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The Beauty of the House of God

Christy is a Catholic Worker and graduate of the Univerity of Wisconsin at Eau Claire.

Last week a seven-year-old boy staying with his battered mother and younger sister asked me something which I will never forget. He asked me, “Is this the house of God?” It wasn’t the first time I had heard Casa Juan Diego referred to in this way. At the previous Wednesday night Mass, a Nicaraguan man finished recounting his tale of arriving at Casa Juan Diego by saying, “…and now here I am at the house of God.”

I wasn’t quite sure how to respond to the boy, so I finally told him that God is everywhere, including Casa Juan Diego. He kind of shrugged, as if not entirely satisfied by my response, but his question started me thinking. Where would a seven-year-old child come up with such an idea? Perhaps from his mother? But where would she have gotten the idea? Then again, maybe he just thought God might find Casa Juan Diego a nice place to live.

Certainly there is nothing luxurious or extravagant about the house itself. Most of the furniture is simple and second hand, many of the walls, bare. It is a functional structure designed to meet the basic needs of battered and immigrant women and their children. It is not a lifestyle padded with material comforts, even given the amazing generosity of those who daily bring donations to us.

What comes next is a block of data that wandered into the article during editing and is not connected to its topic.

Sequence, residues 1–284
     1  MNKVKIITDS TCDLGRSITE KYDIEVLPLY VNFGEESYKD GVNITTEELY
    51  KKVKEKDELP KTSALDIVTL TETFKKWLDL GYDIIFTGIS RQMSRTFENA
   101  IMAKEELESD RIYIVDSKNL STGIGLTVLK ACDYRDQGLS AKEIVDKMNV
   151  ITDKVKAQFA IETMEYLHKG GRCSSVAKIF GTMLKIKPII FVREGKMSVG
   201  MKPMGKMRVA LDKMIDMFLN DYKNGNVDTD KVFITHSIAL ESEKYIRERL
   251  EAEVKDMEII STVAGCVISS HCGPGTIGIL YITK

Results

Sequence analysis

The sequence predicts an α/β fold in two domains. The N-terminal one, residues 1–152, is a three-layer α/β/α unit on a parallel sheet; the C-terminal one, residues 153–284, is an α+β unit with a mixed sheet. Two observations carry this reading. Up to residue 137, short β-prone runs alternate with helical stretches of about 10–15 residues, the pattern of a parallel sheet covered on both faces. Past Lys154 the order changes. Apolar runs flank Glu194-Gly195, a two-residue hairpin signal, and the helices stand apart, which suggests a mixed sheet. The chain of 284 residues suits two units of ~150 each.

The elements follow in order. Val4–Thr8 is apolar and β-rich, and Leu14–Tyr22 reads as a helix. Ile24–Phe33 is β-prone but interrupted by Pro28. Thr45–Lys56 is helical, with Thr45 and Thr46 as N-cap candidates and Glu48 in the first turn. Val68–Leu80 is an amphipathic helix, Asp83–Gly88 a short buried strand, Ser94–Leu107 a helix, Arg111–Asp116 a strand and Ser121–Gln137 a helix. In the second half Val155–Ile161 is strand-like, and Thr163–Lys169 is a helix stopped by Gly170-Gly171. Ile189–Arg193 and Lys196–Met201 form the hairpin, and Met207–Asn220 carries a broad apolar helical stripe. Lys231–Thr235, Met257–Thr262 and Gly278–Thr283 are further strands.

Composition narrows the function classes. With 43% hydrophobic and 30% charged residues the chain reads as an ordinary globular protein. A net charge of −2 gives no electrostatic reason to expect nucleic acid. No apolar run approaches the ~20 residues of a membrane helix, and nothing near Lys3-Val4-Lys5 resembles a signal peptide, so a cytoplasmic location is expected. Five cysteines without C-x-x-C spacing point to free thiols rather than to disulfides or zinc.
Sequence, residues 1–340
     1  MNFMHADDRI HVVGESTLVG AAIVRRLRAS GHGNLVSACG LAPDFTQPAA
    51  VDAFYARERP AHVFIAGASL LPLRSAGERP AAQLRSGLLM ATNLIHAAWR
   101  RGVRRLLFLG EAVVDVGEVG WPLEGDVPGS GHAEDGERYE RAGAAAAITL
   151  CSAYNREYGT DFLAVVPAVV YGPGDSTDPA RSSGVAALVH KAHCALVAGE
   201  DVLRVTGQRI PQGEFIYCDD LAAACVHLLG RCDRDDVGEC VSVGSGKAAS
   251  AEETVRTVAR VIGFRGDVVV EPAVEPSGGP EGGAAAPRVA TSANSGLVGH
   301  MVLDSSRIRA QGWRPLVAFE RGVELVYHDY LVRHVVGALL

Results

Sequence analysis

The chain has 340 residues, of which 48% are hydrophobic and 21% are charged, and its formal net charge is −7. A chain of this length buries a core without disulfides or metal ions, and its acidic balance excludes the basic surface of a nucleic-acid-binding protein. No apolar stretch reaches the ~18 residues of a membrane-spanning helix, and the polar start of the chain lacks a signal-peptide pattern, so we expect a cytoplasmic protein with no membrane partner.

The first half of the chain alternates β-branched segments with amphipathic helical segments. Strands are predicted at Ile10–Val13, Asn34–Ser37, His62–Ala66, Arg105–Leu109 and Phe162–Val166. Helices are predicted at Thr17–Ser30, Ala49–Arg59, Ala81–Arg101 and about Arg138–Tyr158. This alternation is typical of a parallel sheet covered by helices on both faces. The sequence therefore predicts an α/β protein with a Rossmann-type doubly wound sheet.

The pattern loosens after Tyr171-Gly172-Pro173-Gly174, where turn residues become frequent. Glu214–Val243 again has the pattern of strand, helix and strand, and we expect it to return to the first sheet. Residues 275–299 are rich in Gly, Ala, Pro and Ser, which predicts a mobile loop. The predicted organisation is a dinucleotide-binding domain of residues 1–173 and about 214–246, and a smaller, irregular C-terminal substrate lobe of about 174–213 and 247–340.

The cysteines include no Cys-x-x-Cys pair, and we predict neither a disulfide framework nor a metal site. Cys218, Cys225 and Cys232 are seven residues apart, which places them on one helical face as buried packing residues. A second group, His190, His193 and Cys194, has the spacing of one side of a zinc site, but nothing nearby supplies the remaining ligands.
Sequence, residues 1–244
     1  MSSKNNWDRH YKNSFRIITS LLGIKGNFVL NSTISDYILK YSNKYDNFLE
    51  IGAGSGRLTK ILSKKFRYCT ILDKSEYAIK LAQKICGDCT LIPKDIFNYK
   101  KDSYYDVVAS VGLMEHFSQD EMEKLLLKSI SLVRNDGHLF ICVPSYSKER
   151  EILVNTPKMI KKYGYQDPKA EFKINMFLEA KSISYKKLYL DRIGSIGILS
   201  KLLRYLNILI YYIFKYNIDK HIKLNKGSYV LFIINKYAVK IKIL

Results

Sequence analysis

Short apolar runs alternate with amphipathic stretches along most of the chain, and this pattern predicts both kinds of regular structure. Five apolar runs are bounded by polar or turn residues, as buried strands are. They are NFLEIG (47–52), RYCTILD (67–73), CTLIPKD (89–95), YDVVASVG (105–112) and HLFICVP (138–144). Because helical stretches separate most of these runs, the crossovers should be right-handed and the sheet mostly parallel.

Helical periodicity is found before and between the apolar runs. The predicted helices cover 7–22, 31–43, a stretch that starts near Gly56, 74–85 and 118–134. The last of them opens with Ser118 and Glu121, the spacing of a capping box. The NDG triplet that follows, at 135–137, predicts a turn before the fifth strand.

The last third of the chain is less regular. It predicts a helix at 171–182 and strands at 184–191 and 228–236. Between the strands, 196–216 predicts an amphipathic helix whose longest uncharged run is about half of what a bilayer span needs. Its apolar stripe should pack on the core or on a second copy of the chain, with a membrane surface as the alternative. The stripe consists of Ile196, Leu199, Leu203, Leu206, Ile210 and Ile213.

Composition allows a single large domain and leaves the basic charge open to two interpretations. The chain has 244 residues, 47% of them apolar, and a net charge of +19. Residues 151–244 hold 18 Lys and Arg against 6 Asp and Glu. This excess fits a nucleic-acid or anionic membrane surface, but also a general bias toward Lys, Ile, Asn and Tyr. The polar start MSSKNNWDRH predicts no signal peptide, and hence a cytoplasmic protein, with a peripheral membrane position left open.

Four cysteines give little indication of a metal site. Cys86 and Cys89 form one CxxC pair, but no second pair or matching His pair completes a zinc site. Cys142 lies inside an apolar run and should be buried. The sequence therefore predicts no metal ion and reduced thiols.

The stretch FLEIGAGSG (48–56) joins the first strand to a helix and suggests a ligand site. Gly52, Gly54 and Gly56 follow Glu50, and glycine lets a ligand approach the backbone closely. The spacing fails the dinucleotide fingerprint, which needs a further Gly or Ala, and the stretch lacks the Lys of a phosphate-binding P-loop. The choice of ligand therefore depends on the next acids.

Again, why would this child suppose that God might choose for his Dwellings a place like Casa Juan Diego? Only a few miles down the road are some of the most beautiful homes in Houston–homes with perfectly manicured lawns, swimming pools, and even tennis courts.

I suppose this depends on how one defines beauty. Recently, I walked into the T.V. lounge to find that a guest had decorated one of the walls with a tiny picture of Jesus in a simple plastic frame. All around the picture of Jesus were pictures of “Clifford the Dog” that she had cut out of a book. It is as lovely an interior decoration as I’ve ever

I wonder, also, if these mammoth, forbidding homes have enough space to hold all of the love that Casa Juan Diego does. That’s not to say that there is constant harmony here or that everyone is always smiling and kind, but there is always a sense of cariño. Most of the women I have met have an unshakeable faith in God. When I ask them how it is that they’ve come to Casa Juan Diego they often recount a long, sad story, but quite frequently they say that it was God who led them here.

Though it’s certainly not the only one, in many ways, Casa Juan Diego is a house of God. For the women and children who come to our door, it provides a true sanctuary from the violence that has plagued them in their native countries, in this one, and in their own homes. One woman who had just arrived from Nicaragua after two month en camino told me that we were the first kind people she’d met since leaving her country. The first to help her.

If this is true, then I am sad–yes, for this woman, but also for those who missed out on the chance to be the hands of God. I am reminded of a phrase in the Bible which is frequently spoken at Casa Juan Diego–Matthew 25:3l, ff.)–which speaks of how we serve Jesus himself in serving the poor. What an honor and a privilege it is to be a part of this.

Houston Catholic Worker, Vol. XV, No. 4, May-June 1995.